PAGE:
NEW YORK — Russian arms trafficking suspect Viktor Bout was flown from Bangkok to New York on Tuesday in a chartered U.S. plane, extradited in manacles to face terrorism charges despite a final outraged push by Russian diplomats to persuade Thailand to release him, American authorities said.
Bout's extradition followed a bruising diplomatic tug-of-war between the U.S. and Russia that shows no sign of letting up and could jeopardize cooperation on arms control, nuclear weapons curbs and the war in Afghanistan.
A former Soviet military officer and air cargo executive nicknamed the Merchant of Death by critics, Bout (pronounced boot) had been accused of arming failed states and insurgents across the Third World since the 1990s.
U.S. Attorney General Eric Holder said Bout was considered "one of the world's most prolific arms traffickers" and stood accused of "conspiring to sell millions of dollars worth of weapons to a terrorist organization for use in trying to kill Americans."
"Viktor Bout has been indicted in the United States, but his alleged arms trafficking activity and support of armed conflicts in Africa has been a cause of concern around the world," Holder said in a statement. "His extradition is a victory for the rule of law worldwide."
Thailand's government ordered Bout placed in American custody Tuesday, 20 months after his March 2008 arrest in a sting operation led by U.S. narcotics agents. Since then, the wealthy businessman — estimated by the U.S. to be worth $6 billion — had been in a Thai jail.
Bout arrived late Tuesday night at the Stewart Air National Guard Base in Newburgh, U.S. attorney's office spokeswoman Edeli Rivera said.
Bout, wearing handcuffs and looking calm when he got off the plane, was given a helmet to wear before being put in an armored vehicle with about five other people. He then was driven from Newburgh, about 60 miles north of New York City, to downtown Manhattan's Metropolitan Correctional Center.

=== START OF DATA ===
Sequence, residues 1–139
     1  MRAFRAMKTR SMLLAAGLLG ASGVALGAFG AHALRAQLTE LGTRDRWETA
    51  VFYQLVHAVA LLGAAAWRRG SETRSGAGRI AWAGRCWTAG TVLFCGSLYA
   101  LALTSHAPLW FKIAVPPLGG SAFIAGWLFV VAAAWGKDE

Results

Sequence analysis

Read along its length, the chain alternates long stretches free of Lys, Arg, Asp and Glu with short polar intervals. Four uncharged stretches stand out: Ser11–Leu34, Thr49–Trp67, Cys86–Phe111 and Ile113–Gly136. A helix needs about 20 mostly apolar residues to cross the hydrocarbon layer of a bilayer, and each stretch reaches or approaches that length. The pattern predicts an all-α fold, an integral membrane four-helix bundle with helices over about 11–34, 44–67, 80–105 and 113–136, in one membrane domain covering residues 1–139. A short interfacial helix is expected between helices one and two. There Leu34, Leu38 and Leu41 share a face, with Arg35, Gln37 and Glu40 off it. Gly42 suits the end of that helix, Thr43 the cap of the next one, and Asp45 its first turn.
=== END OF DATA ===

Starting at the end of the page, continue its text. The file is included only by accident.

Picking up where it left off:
The MCC has housed the likes of Wall Street swindler Bernard Madoff and Gambino crime family scion John "Junior" Gotti and terrorism defendants including blind sheik Omar Abdel-Rahman, who was sentenced to life in prison for plotting to blow up five New York landmarks and assassinate Egypt's president.
In Moscow, Bout's lawyer and brother voiced alarm that American officials would pressure him into incriminating himself or others. The attorney, Viktor Burobin, said the U.S. had already offered Bout better treatment in custody in exchange for his cooperation. And Sergei Bout, a key figure in his brother's global air cargo empire, warned that the U.S. would "make some kind of injections to get whatever they want out of him."
Bout, who says he's a legitimate businessman, faces U.S. charges accusing him of having a gunrunning empire — a prosecution that American officials describe as a milestone in international efforts to cripple the flow of illicit weapons that fuel conflicts around the world.
The U.S. Department of Justice said an indictment charges Bout with four terrorism offenses: conspiracy to kill U.S. nationals, conspiracy to kill U.S. officers or employees, conspiracy to acquire and use an anti-aircraft missile and conspiracy to provide material support or resources to a designated foreign terrorist organization.
The Russian Foreign Ministry reacted with strong words after Bout was hustled from a Thai prison to a waiting jet early Tuesday. Russia branded the extradition "unlawful," prompted by "unprecedented political pressure from the USA."
Thai police commandoes, clad in combat gear and masked by balaclavas, accompanied Bout to the tarmac at Bangkok's Don Muang airport. There, several Westerners wearing U.S. Drug Enforcement Administration jackets shepherded him onto the chartered jet.
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